home | board | compass
| prayer | eCard
08/25/2003 Entry: "Free Market again"
Josh and Paul say I'm wrong about the free market, so I suppose I must be. I know very little economic theory, and I'm sure that they know lots. However, I'm sticking by my claim that the foundation of free market capitalism is selfishness (or self-interest, if you prefer).Josh wrote: The beauty of the free market, as most of my readers know, is that in order to maximize your own self-interest, you must first aim to maximize another's. In order to make money for myself, I must provide a valuable good or service to the rest of society (or some portion of it). So in effect the whole edifice isn't really built on selfishness, it's built upon service to others.It sounds great, put like that. And I know that there are some enterprises (mostly small ones) that genuinely do work in that way. But for every example like that there will be at least one (I want to say a dozen, but Josh would ask me to prove it and I don't have the time or energy) where money is being made by the destruction of someone else's livelihood, the exploitation of workers or the deliberate hoodwinking of consumers.Take the clothing manufacturer once based in Mid-Wales, one of the major employers in the area. They turned out good stuff, the customers of the stores that bought their stuff were happy bunnies. But the stores competitors were bringing in cheaper imports from overseas. You think the manufacturer hesitated to put people out of work and take their production to the Far East? Now the workers are unemployed, and the customers of the stores I mentioned have less choice. From an economic point of view - stock prices, market share and all that stuff - it made sense. But the only ones who really benefitted were the shareholders.
I wanted to sell a car, but couldn't be bothered with messing about. So I rang a dealer, who came to look. I explained I didn't want to be bargaining, so would he please just make me his best offer? He did. Are you sure that's the best you can do? says I. He assured me that there was no way he could offer more. I said I'd think about it. Later that day I sold it to someone else, but in the evening he rang me back. "Do you still have that car?" I explained I'd sold it, and for how much. "Oh" says the dealer. "I could have given you more than that!" And then he added, "In this game, you have to get the cars as cheap as you can."To which I couldn't help replying, "And in my game you have to be as honest as you can."
Or take the tremendous confidence trick that lies behind the whole "branding" phenomenon. Stick a bit of embroidery on the front of a baseball cap that would be overpriced at a fiver and you find that people can be persuaded to pay £19.95.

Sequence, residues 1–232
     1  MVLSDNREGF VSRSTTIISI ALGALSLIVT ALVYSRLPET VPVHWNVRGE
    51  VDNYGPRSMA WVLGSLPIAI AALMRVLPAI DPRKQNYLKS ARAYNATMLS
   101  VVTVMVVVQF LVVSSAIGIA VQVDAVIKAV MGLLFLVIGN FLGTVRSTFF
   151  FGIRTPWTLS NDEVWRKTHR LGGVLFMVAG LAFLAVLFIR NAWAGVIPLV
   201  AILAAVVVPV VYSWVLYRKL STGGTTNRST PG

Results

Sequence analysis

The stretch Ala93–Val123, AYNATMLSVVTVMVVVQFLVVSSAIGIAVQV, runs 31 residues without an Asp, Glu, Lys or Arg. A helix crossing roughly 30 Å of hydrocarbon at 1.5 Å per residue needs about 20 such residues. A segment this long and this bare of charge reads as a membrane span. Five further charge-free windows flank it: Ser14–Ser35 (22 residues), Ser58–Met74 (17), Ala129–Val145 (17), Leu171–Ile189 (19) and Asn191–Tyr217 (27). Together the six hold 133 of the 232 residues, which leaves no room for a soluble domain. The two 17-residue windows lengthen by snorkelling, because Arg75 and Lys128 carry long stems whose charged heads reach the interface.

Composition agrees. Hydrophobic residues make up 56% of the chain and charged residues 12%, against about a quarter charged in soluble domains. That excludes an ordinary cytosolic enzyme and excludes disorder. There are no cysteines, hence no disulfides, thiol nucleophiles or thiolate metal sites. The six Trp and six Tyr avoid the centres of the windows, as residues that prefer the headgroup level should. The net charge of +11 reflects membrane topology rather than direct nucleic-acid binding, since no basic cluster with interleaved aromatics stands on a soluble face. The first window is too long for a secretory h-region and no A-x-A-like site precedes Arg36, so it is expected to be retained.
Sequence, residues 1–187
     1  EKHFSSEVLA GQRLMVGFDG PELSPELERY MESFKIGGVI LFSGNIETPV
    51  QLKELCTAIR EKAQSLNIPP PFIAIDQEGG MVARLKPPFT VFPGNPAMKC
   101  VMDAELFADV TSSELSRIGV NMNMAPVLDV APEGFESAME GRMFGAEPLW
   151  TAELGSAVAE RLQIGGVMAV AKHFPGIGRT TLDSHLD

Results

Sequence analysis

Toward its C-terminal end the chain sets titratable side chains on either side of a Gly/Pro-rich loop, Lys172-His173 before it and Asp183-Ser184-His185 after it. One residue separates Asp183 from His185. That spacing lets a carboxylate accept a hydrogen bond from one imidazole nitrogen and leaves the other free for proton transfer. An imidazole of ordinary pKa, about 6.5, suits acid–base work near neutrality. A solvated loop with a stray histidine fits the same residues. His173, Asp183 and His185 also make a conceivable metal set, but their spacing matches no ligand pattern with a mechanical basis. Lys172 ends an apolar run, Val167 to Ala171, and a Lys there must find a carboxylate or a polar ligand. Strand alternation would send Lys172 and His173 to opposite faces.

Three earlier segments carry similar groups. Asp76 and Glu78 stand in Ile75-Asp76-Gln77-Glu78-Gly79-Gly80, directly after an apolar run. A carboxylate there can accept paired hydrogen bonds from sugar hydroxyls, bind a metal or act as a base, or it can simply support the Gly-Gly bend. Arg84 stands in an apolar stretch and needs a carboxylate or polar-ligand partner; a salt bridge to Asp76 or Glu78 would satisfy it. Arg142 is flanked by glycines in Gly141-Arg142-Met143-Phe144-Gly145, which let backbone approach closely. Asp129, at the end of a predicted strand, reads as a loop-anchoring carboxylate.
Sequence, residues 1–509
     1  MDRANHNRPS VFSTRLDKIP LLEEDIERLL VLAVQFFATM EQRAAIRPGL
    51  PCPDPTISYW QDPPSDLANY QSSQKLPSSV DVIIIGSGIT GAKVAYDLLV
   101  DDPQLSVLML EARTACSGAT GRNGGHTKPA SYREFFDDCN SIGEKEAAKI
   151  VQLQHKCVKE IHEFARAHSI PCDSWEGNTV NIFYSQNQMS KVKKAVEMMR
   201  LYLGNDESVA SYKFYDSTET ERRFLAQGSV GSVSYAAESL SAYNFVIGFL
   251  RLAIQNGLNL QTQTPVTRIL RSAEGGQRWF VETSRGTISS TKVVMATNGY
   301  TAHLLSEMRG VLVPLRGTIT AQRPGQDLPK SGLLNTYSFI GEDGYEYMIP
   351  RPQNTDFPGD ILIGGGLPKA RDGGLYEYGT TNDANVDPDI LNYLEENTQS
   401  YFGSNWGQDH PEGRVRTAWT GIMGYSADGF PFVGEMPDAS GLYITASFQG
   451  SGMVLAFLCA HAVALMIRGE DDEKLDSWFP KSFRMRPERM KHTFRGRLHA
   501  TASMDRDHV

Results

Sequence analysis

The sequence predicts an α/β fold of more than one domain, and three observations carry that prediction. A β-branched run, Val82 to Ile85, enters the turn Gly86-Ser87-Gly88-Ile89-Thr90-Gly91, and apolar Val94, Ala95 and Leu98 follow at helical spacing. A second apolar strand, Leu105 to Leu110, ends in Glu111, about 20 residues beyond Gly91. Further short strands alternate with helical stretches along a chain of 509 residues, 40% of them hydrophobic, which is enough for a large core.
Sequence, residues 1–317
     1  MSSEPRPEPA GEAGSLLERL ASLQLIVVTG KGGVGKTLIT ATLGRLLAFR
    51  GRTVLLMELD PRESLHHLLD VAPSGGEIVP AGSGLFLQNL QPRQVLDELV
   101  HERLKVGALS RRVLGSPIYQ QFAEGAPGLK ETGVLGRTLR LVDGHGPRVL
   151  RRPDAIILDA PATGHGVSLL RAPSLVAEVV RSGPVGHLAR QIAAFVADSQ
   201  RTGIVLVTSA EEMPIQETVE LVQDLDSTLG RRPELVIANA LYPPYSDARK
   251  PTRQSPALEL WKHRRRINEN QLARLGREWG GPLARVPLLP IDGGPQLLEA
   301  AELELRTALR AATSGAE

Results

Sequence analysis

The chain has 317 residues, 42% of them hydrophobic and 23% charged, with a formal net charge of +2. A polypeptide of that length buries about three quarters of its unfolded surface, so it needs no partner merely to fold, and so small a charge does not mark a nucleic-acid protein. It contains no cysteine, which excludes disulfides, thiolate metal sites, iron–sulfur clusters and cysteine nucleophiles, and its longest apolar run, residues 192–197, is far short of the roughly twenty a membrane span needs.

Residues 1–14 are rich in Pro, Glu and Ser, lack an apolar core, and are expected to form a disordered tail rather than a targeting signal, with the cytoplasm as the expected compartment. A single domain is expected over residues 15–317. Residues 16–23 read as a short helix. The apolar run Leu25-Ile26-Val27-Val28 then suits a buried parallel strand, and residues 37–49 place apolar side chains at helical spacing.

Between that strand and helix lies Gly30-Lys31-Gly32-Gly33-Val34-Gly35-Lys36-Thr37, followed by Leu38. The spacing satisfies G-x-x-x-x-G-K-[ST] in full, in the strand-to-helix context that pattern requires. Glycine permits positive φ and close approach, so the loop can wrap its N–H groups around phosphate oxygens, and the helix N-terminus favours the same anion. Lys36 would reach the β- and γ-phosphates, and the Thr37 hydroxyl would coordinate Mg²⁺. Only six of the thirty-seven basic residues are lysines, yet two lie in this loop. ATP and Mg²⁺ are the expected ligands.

I'm not claiming this to be a cogent, rational critique of capitalism. It's anecdotal, disconnected, unsophisticated and naive. But not so naive as the belief that NewsCorp, Exxon, GF, SmithKline and all the rest are motivated by service to others.
Capitalism not motivated by self interest?
That's not funny. That's completely insane.
Posted by Wood @ 08/27/2003 03:07 PM CST
I find the theory that capitolism is not motivated by self-interest fairly humorous. Maybe in it's purist sense would it be based on providing a needed service or good for a profit, but in reality, many people are trying to make as much money for as little product or service as possible. Take, for instance, the fellas and gals on the infomercials that sell a scheme to place lots of advertisements in newspapers all over the US and other countries. Relying on a percentage of responses asking for "the product", they can expect a huge return for little investment or service. Or, for instance, our wonderful, consumer oriented tobacco companies who now have ads on television sharing what they are doing out of the goodness of their hearts to help prevent teens from becoming smokers. What a load! They are making these claims about their anti-smoking campaigns because they lost huge lawsuits that made them do these things. But, get the right advertising agency and even the worst amongst us can be made to look good. I believe in a fallen creation and sinful human beings, that left to our own devices, will serve self before others for the most part. I'm one who believes that original sin centers around self-centeredness. That's when we make ourselves gods and the center of the Universe. Jesus came to free us from that slavery to sin and self and the decay that goes with it, but we human beings still don't get it as a group. Just ask the survivors in Jerusalem, Bombay or Bagdad. Do I sound synical? Maybe a little today, but I still believe there is hope for the world, but it's not found in us, it's found in relationships with the Creator of the world. He made it, we broke it and only He can fix it! Let's give Him a chance.
Posted by Ivan The Crank @ 08/26/2003 03:30 AM CST